Markus Horning, Ph.D.
RESEARCH INTEREST:My research focuses on integrative, ecosystem-based investigations of the life history, physiological ecology, trophic and population ecology of upper trophic marine vertebrates, as well as their predators and prey.
Associate Professor – Senior Research, Oregon State University
Affiliate Faculty, University of Alaska Fairbanks and Anchorage
Adjunct Associate Professor, Texas A&M University at Galveston
I grew up all over the world since my dad used to work for the Food and Agriculture Organization (FAO) of the United Nations (UN). I finished high school in Rome, Italy, and first went to college at the University of California San Diego in 1978. I interrupted my program to spend a year in Antarctic in 1981 participating in an overwintering project on the diving behavior of Weddell seals at White Island, near McMurdo. This is what really kindled my passion for diving animals like seals and penguins. I then obtained my Diplom degree in Biology at the University of Freiburg in Germany in 1988 (I studied aging physiology in blowflies, but let’s not talk about that). In 1992 I received my doctoral degree in natural sciences through the University of Bielefeld and the Max Planck Institute for Behavioral Physiology in Germany, doing research on the development of diving in young Galapagos fur seals. After working as a post-doctoral researcher at the Scripps Institution of Oceanography in San Diego, I worked at Texas A&M University in Galveston as a 100% grant-funded research scientist for 10 years. I joined the faculty of Oregon State University’s Marine Mammal Institute in Newport for almost another ten years before taking on the role of Science Director at the Alaska SeaLife Center in 2015. Really, this felt like coming home to Seward, because I’ve been doing research here as a visiting researcher ever since the ASLC opened in 1998. While I still have many projects that carry me to distant places like Antarctica, I am really excited about focusing increasingly on Alaska’s marine ecosystems and on studying the changing arctic ecosystems right on our doorstep. Alaska has always fascinated me, and in my experience no place can compete with the ASLC’s utterly unique combination of amazing facilities, fantastic staff, and proximity to a wealth of natural resources that we need to better understand in order to effectively manage them for our own use and future generations.
Hindle A, Horning M, Mellish JE (2015) Estimating total body heat dissipation in air and water from skin surface heat flux telemetry in Weddell seals. Animal Biotelemetry. 3:50
Maresh JL, Adachi T, Takahashi A, Naito Y, Crocker DE, Horning M, Williams TM, Costa DP (2015) Summing the strokes: energy economy in northern elephant seals during large-scale foraging migrations. Movement Ecology. 3(22):1-16
Shuert C, Horning M, Mellish JE (2015) The Effect of Novel Research Activities on Long-term Survival of Temporarily Captive Steller Sea Lions (Eumetopias jubatus). PLoS ONE 10(11):e0141948.
Shuert C, Mellish JE, Horning M (2015) Physiological predictors of long-term survival in juvenile Steller Sea Lions (Eumetopias jubatus). Conservation Physiology 3(1):cov043.
Mellish J-A, Hindle A, Skinner J, Horning M (2015) Heat loss in air of an Antarctic marine mammal, the Weddell seal. Journal of Comparative Physiology B. 185(1):143-152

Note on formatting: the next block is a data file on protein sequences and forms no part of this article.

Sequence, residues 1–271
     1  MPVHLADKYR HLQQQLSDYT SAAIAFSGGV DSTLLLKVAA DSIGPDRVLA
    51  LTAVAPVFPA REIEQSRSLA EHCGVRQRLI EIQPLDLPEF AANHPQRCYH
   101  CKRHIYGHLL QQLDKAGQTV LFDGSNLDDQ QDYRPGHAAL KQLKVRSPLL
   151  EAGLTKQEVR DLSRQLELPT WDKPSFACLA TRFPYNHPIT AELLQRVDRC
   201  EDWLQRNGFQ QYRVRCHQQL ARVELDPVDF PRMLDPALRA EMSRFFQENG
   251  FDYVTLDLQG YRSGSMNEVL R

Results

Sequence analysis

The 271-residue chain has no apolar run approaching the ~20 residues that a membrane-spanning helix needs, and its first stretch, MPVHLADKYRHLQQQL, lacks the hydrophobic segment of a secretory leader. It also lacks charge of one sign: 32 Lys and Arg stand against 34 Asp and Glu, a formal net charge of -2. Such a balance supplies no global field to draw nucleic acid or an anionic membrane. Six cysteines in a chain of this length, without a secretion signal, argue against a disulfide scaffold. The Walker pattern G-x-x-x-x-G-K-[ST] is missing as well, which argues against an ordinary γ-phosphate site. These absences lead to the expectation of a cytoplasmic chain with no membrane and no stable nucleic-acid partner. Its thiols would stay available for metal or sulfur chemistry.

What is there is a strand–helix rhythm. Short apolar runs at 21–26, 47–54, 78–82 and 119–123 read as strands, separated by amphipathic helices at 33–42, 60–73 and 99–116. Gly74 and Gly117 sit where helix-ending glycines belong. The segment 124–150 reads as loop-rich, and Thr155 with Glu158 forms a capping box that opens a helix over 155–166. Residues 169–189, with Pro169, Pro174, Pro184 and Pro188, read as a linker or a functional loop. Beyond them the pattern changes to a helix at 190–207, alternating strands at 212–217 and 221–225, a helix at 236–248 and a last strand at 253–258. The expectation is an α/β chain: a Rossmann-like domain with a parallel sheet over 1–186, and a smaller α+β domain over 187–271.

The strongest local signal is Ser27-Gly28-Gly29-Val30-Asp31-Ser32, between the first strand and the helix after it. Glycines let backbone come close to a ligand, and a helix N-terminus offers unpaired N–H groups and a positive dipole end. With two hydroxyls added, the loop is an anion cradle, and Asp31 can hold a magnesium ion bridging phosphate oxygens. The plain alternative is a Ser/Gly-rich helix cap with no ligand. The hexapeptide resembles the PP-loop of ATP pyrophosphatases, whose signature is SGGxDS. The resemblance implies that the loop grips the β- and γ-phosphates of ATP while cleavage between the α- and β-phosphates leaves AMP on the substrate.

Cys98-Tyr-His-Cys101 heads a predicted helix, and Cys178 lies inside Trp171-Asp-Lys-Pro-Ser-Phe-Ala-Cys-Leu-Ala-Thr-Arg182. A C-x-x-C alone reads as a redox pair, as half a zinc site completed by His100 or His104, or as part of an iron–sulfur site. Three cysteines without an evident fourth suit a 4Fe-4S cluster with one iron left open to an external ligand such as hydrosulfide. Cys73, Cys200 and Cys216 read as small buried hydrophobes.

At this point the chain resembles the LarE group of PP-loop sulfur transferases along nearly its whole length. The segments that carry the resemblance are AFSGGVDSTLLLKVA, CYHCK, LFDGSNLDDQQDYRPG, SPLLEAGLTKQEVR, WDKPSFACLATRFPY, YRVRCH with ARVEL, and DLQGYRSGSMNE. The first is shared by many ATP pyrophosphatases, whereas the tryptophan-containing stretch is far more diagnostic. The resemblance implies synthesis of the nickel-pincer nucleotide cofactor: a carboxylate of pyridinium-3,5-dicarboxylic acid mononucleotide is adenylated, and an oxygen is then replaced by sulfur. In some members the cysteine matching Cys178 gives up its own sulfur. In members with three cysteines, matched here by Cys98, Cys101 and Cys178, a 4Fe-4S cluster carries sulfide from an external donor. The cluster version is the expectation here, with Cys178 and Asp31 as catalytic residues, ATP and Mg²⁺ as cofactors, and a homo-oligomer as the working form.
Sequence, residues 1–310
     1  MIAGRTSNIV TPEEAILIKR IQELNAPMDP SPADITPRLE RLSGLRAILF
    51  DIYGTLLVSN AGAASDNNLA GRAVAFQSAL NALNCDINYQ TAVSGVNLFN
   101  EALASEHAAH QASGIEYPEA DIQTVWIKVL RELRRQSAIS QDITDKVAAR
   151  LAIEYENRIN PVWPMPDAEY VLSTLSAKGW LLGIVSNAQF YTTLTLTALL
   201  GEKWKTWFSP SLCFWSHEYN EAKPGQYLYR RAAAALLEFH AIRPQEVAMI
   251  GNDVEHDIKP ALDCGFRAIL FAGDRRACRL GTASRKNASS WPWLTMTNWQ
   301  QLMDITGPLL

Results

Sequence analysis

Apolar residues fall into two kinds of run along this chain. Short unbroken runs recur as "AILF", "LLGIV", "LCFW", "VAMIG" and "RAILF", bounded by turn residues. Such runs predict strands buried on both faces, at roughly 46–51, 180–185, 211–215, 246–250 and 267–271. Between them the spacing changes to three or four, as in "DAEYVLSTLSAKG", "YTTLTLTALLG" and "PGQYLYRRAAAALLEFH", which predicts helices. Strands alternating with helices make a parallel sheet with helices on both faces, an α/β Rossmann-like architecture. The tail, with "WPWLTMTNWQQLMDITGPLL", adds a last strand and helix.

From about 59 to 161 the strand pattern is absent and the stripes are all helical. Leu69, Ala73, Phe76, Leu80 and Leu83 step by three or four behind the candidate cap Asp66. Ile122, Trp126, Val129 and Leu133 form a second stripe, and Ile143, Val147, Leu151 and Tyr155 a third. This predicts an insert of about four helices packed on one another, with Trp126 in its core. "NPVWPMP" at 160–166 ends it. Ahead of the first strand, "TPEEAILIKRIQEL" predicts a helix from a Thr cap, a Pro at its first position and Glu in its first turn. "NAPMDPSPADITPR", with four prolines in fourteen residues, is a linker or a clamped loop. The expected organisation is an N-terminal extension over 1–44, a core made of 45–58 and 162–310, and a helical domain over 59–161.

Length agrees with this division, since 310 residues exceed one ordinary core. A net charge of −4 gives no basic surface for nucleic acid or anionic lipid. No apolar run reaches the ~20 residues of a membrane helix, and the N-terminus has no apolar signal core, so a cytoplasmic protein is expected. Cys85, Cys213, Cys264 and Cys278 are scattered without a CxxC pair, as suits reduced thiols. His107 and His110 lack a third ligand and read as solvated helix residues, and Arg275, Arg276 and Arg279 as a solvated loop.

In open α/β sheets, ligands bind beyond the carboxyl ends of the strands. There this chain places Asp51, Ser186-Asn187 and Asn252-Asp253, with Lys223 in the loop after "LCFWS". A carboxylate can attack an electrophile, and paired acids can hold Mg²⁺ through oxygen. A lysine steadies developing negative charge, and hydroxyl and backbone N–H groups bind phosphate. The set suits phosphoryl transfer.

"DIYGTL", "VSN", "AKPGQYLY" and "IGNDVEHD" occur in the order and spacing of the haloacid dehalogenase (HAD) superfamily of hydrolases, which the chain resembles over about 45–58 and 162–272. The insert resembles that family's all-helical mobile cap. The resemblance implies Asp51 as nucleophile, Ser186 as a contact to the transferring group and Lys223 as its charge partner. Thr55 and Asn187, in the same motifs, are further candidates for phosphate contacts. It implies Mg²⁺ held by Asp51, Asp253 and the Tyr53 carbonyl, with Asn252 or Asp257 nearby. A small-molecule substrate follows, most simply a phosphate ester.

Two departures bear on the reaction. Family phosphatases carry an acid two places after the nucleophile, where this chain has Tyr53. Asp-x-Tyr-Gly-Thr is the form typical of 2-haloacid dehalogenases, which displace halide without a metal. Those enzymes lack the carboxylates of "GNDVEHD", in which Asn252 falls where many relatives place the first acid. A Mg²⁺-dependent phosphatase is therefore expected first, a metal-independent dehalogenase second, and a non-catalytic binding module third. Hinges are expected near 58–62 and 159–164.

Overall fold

Horning M, Mellish JE (2014) In cold blood: evidence of Pacific sleeper shark (Somniosus pacificus) predation on Steller sea lions (Eumetopias jubatus) in the Gulf of Alaska. Fishery Bulletin 112:297-310.
Womble JN, Blundell GM, Gende SM, Horning M, Sigler MF, Csepp DJ (2014) Linking marine predator diving behavior to local prey fields in contrasting habitats in a subarctic glacial fjord. Marine Biology. 161(6):1361-1374
Horning M, Mellish JE (2012) Predation on an Upper Trophic Marine Predator, the Steller Sea Lion: Evaluating High Post-weaning mortality in a Density Dependent Conceptual Framework. PLoS ONE 7(1):e30173.
Horning M (2012) Constraint lines and performance envelopes in behavioral physiology: the case of the aerobic dive limit. Frontiers in Physiology 3:381. doi: 10.3389/fphys.2012.00381
Hindle AJ, Mellish JE, Horning M (2011) Aerobic dive limit does not decline in an aging pinniped. J. Exp. Zoology. 315A :544-552
Hindle AJ, Horning M (2010) Energetics of breath-hold hunting: modeling the effects of aging on foraging success in the Weddell seal. Journal of Theoretical Biology. 264(3):673-82
Horning M, Mellish JE (2009) Spatially explicit detection of predation on individual pinnipeds from implanted post-mortem satellite data transmitter. Endangered Species Research 10:135-143.
Hindle AJ, Horning M, Mellish JE, Lawler JM (2009) Diving into old age: muscular senescence in a large-bodied, long-lived mammal, the Weddell seal (Leptonychotes weddellii). The Journal of Experimental Biology. 212(Pt 6):790-6
Horning M, Haulena M, Tuomi P, Mellish J (2008) Intraperitoneal implantation of life-long telemetry transmitters in otariids. BMC Veterinary Research 2008 4: 51.
Mellish J, Thomton J, Horning M (2007) Physiological and behavioral response to intra-abdominal transmitter implantation in Steller sea lions. J. Exp. Mar. Biol. Ecol. 351:283-293.
Mellish JE, Calkins DG, Christen DR, Horning M, Rea LD, Atkinson SK (2006) Temporary captivity as a research tool: comprehensive study of wild pinnipeds under controlled conditions. Aquatic Mammals 32:58-65.
Horning M, Hill RD (2005) Designing an archival satellite transmitter for life-long deployments on oceanic vertebrates: The Life History Transmitter. IEEE Journal of Oceanic Engineering 30: 807-817.
In cold blood: evidence of Pacific sleeper shark (Somniosus pacificus) predation on Steller sea lions (Eumetopias jubatus) in the Gulf of Alaska. Horning M, Mellish JE. 2014. Fishery Bulletin 112:297-310
Telemetry Home Page: http://www.sealtag.org